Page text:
Quick guide to get the most out of your pulse tools
Learn how to get the best environment to operate your high precision tools in.
A pneumatic Pulse Tool is a common choice for quality critical applications. In order for the tool to be able to deliver maximum performance, it is key that it operates in a stable environment.
Ensure a stable air pressure at the tool’s level:
It is key for your tool’s performance and accuracy to make sure that the air pressure going into the tool is stable.
Unstable air pressure dramatically changes pulse tool’s performance and different pulse tool technologies have varying operating ranges. As an example – the Fuji FLT-series operates between 5-6.3 bars while the Fuji FPT series operates between 5-6.3 bars.
These pressures are measured at air regulator while free-running, so called “dynamic pressure”, with 6-meter hose.
Use the correct equipment between the pulse tool and the regulator:
Pulse tools do not have large air flow requirements, but it is key to ensure that the flow they need is available for accuracy concerns. The equipment between the tool and the regulator can impair the performance of the tool. We recommend using full flow couplings and avoiding spiral hoses where possible.
Our advice: Try to have the installation featuring straight hoses with suitable diameter and keep the number of connections to a minimum. If spiral hoses or hose reels must be used, it is prudent to oversize them in order to minimize the effect. Of course, any air leak in the system can have a negative effect on performance. It is always a good thing, after installation, to walk the line listening for leaks.
Don’t underestimate the impact of the sockets:
Between the tool and the joint there will be a socket. This socket is also a key component of the performance the system can deliver. The type of socket (Hex, Torx, Inside hex etc.) and its length is decided by the bolt or screw that is to be tightened. From a performance point of view, minimal play between the socket and the tool anvil (the square drive part of the tool) is best.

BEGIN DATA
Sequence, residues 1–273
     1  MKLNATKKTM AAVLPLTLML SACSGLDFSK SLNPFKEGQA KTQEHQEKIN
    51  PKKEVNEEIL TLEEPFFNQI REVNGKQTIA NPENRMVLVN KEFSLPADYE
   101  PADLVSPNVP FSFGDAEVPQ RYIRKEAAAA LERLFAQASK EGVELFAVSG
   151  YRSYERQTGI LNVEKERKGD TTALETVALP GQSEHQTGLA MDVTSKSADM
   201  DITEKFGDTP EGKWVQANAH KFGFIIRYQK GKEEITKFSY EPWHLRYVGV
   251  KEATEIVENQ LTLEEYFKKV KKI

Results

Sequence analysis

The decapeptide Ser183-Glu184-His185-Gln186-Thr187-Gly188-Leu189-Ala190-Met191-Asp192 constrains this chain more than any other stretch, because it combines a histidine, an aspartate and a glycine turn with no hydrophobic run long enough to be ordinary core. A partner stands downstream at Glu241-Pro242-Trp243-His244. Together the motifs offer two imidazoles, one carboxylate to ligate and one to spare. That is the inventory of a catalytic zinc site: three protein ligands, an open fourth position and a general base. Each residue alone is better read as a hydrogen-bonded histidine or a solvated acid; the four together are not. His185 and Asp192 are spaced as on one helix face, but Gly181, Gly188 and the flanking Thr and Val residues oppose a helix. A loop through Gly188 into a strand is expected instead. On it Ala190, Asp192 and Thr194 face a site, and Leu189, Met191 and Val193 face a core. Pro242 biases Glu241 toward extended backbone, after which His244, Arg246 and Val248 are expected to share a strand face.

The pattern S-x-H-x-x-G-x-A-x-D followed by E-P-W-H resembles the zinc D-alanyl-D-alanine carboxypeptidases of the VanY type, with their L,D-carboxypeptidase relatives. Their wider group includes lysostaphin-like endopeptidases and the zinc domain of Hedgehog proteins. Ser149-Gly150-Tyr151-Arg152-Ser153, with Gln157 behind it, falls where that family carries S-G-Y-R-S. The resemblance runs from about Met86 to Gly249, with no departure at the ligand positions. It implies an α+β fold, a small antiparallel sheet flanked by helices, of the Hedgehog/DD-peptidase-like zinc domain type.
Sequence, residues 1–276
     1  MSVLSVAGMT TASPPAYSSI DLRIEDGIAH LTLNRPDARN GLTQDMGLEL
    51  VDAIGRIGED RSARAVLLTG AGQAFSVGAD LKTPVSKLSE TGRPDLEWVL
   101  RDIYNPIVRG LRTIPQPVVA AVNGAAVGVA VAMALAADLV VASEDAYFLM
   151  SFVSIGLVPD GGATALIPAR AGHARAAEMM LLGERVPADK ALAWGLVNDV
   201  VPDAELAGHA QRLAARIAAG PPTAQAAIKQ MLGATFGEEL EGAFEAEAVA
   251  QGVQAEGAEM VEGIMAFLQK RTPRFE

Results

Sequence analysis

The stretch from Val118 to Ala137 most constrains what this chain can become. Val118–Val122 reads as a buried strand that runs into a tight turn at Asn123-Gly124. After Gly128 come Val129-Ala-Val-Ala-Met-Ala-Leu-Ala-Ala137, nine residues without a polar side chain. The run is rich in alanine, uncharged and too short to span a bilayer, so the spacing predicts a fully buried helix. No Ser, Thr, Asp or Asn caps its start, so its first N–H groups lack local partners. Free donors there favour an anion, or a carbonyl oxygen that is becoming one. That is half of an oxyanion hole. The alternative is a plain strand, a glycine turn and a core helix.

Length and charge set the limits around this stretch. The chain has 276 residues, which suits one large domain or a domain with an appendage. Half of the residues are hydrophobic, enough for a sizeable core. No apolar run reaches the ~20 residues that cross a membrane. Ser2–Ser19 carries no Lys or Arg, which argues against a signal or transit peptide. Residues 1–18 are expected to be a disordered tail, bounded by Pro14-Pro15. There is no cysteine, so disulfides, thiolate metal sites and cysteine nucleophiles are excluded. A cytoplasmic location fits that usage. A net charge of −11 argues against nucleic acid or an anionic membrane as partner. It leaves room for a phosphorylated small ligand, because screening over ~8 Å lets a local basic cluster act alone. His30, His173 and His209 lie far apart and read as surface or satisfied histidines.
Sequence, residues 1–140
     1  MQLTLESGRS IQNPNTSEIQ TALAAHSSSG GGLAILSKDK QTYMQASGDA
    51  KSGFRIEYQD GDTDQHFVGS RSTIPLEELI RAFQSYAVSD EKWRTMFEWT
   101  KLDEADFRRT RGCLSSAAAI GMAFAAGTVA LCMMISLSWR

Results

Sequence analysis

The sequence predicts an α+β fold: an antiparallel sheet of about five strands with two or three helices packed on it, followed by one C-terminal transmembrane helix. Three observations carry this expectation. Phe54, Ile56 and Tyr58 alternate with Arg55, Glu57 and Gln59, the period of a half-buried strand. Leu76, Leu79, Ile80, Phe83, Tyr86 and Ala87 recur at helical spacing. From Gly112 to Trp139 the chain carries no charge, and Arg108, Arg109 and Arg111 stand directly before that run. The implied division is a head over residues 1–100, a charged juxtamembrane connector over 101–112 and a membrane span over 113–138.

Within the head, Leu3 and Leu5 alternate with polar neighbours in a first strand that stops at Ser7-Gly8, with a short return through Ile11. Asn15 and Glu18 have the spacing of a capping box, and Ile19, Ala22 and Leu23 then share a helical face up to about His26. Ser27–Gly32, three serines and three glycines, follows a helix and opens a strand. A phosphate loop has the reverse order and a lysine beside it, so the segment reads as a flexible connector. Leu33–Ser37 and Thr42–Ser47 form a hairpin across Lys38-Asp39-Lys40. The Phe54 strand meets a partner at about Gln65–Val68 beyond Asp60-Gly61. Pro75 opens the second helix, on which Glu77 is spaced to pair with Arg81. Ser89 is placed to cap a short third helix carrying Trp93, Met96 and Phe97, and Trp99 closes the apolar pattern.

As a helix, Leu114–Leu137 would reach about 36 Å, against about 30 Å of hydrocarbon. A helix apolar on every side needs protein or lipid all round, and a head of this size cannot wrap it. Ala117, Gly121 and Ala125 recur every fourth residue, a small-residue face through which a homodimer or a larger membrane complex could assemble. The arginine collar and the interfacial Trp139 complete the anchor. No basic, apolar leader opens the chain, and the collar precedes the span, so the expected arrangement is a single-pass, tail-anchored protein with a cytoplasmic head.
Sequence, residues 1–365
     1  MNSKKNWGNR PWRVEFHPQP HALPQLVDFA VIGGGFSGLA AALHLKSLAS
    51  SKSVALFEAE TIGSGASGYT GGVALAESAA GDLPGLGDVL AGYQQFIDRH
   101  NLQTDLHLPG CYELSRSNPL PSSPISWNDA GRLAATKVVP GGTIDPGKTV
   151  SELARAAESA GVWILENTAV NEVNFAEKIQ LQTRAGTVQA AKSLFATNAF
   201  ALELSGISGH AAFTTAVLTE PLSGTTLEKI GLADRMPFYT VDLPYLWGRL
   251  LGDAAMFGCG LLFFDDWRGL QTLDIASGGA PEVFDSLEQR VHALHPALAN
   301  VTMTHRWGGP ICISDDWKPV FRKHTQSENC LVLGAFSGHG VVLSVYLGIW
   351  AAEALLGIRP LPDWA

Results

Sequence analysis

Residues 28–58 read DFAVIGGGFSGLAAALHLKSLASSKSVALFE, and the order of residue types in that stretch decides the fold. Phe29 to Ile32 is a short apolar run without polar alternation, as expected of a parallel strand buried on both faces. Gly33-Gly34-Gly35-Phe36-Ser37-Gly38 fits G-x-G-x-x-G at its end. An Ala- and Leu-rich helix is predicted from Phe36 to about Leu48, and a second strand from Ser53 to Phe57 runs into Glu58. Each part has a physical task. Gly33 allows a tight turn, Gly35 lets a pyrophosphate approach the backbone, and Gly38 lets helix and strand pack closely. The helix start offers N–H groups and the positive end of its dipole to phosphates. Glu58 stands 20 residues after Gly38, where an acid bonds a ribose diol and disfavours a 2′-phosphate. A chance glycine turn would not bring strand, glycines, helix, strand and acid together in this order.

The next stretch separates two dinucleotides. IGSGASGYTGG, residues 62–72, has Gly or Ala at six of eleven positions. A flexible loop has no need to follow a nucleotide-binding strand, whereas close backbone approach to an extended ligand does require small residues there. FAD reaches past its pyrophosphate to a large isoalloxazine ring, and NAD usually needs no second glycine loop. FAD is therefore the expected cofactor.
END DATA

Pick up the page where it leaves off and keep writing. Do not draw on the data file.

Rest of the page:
Less play means a better and more stable energy transfer which translates into a higher and more stable torque in the joint. For pulse tools, the so called “Sleeve Drive” sockets are recommended. Sleeve Drive sockets are extended towards the tool with a part that fits snuggly on the outgoing shaft behind the square drive. This minimizes play and ensures that the socket is more centered. The difference is significantly better energy transfer, less torque scatter and better tool lifespan. Especially for longer sockets, (more than 70mm) using sleeve drive is important. With a long socket, it is easy for the tool to not be in-line with the bolt when tightening, which affects both torque scatter and puts wear on the bearings in the front of the tool. The Sleeve Drive helps the operator keep the tool centered.
Extension sockets or universal joint sockets should be avoided with pulse tools. Having multiple interfaces between the tool and the joint multiplies energy losses and variations between tightening. Long sockets and extensions can also have a “wind-up” effect working basically as a spring which can either add or subtract significantly from the energy delivered to the joint.
Follow our 7 key advice to ensure you have the best set-up to operate pulse tools:
Giving a pulse tool the best environment to perform in is logical based on the cost of the investment and the importance of the joints it is used on. Air quality and sockets are two key outside factors impacting performance. Our top seven advice are:
- Use a regulator, filter and lubricator for each air tool. Measure the pressure at the tool when it is running.
- Set the regulator to deliver a stable pressure to the tool. Stable pressure is more important than high pressure! Try to keep the regulator set at 0.5-1 bar lower than the available pressure.
- Avoid hose reels and spiral hoses or over-dimension them to reduce pressure drop to the tool.
- Use sleeve drive sockets together with pulse tools, it will give more stable results and reduce tool wear. It is especially important when a longer socket is needed.
- Never use universal sockets or multiple extensions with a shut-off pulse tool. The torque scatter will be so large that the shut-off function has no value. Use a non-shut-off tool or an impact wrench.
- When starting a tool under cold circumstances (<10deg Celsius), run the pulse unit at least 30 seconds to heat up the oil inside. Otherwise the first tightening may not deliver the set torque.
Since these environmental factors are key to the performance and delivered torque – always set up a pulse tool at the application, using the same hoses, sockets and air pressure that will be used in normal running conditions.